- The Legendary,
    a misunderstood, often misquoted and struggling scribe residing in Grub Street.

  3. On a personal level, there is one clue that stands out among all the rest. That is to make dead sure to minimize the possibility that one might come under the custodial authority of this curious system. To allow such a tragic circumstance is to sell oneself into bondage in order to satisfy the demands of a corporation hell bent on turning human misery into a growth industry financed by tax free municipal revenue bonds.

    Cui bono? Certainly, the People of the State of Texas derive no benefit; neither do those who find themselves thus enslaved in her custodial detention. That kind of leaves the ball in the court of the coupon clippers. - The Legendary

  4. "Certainly, the People of the State of Texas derive no benefit; neither do those who find themselves thus enslaved in her custodial detention. That kind of leaves the ball in the court of the coupon clippers. - The Legendary"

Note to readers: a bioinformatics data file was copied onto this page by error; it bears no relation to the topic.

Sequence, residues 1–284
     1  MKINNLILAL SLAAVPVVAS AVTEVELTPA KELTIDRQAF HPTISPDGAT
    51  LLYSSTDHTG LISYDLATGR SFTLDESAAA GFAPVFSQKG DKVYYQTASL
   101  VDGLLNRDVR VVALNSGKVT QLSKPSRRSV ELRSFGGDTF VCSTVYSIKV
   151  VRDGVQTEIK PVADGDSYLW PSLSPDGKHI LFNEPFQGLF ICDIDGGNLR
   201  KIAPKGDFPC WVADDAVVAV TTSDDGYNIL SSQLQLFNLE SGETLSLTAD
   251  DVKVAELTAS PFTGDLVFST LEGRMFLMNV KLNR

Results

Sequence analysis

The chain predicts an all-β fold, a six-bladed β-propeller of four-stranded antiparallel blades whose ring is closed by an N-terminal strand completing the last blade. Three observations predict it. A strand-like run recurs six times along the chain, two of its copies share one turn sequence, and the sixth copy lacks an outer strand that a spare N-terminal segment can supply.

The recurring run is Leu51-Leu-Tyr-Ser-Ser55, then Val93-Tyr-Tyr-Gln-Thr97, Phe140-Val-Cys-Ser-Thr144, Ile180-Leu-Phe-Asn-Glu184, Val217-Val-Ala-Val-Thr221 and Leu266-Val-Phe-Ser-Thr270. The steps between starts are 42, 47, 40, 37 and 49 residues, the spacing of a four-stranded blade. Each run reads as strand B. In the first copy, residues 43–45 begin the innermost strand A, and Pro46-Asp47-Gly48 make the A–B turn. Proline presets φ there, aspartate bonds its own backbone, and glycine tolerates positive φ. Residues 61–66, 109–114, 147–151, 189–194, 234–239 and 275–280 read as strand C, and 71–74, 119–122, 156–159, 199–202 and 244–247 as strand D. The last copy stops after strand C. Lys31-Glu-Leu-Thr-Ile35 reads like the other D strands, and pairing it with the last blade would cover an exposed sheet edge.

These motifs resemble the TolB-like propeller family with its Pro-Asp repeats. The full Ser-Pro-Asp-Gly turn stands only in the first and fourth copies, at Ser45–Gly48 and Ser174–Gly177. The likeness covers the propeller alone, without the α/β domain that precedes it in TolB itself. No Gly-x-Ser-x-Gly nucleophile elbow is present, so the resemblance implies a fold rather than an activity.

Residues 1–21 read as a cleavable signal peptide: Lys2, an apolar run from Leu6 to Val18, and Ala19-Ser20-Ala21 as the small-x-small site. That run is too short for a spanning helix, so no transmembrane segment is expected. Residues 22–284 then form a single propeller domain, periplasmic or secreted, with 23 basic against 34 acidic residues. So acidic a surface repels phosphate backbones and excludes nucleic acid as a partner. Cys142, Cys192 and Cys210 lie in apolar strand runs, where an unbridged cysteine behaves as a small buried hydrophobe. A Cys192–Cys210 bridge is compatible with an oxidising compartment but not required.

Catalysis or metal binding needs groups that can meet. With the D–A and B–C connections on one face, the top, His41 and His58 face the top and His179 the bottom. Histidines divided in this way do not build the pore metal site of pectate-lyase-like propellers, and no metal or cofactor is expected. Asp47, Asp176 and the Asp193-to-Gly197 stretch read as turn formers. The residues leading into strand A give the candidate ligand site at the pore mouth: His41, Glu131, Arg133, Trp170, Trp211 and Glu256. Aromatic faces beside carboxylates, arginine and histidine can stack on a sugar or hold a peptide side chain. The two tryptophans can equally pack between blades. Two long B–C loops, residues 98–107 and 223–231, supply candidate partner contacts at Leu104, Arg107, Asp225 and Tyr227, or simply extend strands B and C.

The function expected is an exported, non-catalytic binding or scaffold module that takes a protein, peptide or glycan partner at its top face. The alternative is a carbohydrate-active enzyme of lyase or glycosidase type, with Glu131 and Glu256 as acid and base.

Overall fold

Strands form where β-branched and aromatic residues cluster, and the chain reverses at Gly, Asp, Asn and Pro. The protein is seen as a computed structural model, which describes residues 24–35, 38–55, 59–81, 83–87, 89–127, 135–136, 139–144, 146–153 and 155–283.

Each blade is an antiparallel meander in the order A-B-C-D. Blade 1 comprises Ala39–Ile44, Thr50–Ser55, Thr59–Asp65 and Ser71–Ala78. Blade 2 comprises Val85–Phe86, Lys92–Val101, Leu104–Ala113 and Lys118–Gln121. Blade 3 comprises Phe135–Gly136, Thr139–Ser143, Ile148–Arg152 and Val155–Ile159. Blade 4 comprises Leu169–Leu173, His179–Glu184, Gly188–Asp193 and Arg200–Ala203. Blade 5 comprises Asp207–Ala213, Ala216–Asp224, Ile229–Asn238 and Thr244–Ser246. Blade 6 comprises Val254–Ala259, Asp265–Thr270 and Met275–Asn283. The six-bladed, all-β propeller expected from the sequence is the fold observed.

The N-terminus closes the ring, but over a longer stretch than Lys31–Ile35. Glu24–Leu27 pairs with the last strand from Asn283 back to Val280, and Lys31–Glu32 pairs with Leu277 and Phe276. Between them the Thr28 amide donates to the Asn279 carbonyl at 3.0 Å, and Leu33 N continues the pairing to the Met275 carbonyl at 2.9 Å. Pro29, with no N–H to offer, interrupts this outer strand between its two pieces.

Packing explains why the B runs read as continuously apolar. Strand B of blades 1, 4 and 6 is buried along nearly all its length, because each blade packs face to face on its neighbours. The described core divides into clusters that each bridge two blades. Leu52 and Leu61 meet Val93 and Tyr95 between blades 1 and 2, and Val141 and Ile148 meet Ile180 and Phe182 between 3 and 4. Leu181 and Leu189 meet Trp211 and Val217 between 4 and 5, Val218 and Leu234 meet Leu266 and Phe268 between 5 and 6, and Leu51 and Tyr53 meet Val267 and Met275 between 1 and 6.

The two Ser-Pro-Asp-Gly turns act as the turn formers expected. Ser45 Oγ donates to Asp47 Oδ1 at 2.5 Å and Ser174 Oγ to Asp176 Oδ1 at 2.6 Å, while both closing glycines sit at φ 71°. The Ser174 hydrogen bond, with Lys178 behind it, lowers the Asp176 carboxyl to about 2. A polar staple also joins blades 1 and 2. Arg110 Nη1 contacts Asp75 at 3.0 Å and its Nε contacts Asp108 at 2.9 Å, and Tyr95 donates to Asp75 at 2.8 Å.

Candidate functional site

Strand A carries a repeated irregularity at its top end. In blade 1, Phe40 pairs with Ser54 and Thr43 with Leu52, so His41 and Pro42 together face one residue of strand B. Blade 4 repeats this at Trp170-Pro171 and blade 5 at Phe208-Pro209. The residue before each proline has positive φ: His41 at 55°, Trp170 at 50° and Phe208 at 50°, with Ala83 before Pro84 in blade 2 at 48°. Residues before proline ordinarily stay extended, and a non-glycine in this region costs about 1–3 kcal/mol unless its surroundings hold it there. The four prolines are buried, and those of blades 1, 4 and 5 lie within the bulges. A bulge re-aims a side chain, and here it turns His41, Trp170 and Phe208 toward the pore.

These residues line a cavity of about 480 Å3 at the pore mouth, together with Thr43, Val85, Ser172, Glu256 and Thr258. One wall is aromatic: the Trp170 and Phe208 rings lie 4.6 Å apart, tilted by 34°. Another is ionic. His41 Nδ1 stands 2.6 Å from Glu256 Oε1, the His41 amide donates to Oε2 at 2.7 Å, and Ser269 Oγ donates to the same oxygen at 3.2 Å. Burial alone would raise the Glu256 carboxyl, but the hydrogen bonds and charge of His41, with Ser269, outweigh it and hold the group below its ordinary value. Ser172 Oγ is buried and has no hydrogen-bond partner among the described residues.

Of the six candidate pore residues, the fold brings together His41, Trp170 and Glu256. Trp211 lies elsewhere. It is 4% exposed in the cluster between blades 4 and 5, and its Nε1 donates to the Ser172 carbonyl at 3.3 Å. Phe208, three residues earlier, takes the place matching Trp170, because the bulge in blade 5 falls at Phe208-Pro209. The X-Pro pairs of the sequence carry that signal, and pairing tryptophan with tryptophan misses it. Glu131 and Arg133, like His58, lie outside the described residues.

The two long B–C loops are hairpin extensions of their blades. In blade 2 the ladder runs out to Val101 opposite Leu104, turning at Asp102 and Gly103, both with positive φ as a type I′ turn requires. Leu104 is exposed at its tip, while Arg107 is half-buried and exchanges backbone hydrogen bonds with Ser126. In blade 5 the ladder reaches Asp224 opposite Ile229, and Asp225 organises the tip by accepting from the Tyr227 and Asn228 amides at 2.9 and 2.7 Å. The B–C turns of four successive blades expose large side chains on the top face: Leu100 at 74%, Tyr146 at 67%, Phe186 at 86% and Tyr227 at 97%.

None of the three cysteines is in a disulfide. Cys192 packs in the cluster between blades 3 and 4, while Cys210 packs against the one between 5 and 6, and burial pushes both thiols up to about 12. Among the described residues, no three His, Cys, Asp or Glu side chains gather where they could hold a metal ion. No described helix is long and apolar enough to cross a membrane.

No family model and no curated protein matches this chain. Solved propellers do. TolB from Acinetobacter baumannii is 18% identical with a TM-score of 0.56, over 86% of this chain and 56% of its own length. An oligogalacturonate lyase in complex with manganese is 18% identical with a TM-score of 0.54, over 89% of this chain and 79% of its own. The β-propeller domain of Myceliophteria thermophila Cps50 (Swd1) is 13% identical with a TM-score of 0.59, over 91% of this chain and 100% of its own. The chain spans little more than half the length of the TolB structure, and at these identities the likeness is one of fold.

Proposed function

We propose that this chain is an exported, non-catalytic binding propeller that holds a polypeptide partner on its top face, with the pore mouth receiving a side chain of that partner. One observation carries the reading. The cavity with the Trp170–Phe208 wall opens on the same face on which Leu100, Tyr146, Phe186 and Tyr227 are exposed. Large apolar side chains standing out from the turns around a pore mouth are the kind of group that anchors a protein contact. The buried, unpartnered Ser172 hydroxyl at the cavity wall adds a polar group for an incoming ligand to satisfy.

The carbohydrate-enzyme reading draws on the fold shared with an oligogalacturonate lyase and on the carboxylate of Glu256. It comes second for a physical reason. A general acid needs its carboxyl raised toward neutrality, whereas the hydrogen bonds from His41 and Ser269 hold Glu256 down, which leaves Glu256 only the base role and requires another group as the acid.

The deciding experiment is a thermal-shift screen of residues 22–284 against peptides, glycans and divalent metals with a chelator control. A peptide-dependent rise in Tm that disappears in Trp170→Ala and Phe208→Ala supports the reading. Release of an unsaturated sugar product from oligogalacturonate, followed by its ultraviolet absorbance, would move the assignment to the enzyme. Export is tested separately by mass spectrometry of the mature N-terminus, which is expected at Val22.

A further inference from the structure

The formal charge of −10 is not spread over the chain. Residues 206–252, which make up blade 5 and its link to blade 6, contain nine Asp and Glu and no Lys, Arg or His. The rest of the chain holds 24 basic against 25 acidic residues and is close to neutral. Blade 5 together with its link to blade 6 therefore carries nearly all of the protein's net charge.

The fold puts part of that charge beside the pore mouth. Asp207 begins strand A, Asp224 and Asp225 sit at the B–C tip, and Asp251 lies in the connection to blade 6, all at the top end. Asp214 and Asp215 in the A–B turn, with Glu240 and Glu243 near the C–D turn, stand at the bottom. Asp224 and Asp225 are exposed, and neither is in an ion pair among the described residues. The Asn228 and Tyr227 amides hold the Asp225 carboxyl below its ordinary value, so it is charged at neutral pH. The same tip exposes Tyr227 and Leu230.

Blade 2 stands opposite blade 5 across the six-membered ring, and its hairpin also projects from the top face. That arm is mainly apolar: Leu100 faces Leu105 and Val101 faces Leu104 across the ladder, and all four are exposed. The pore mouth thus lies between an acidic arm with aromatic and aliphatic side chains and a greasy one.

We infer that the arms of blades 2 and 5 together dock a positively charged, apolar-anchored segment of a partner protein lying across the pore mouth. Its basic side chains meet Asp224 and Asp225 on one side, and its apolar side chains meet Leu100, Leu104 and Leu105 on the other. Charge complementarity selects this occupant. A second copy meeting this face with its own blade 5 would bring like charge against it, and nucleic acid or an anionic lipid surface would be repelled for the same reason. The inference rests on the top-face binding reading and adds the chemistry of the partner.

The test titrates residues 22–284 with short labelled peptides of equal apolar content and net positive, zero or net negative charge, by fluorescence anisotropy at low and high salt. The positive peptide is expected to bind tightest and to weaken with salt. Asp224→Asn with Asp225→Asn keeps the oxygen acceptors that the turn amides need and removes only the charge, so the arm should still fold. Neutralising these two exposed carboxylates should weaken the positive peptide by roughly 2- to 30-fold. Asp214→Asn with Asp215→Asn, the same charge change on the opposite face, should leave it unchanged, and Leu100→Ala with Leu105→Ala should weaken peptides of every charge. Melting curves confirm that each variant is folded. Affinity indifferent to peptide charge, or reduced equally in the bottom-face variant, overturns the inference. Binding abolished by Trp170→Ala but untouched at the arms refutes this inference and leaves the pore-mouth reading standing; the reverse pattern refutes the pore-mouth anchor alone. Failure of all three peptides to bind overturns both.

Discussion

I was talking to a contact in Austin and this is the first thing that came up. Increased incarceration rates. A different contact there explained the incentive to opt out of the lucrative probation system and do the time to resolve a DWI.
    When Larry Lynch took over, the downtown jail was providing almost a million dollars a year to the county coffers. Today we are going to spend almost 2.75 million on housing prisoners while a county jail that never failed and inspection sits empty. Taxpayers should be asking how in the hell we got here. By design my friend, by design.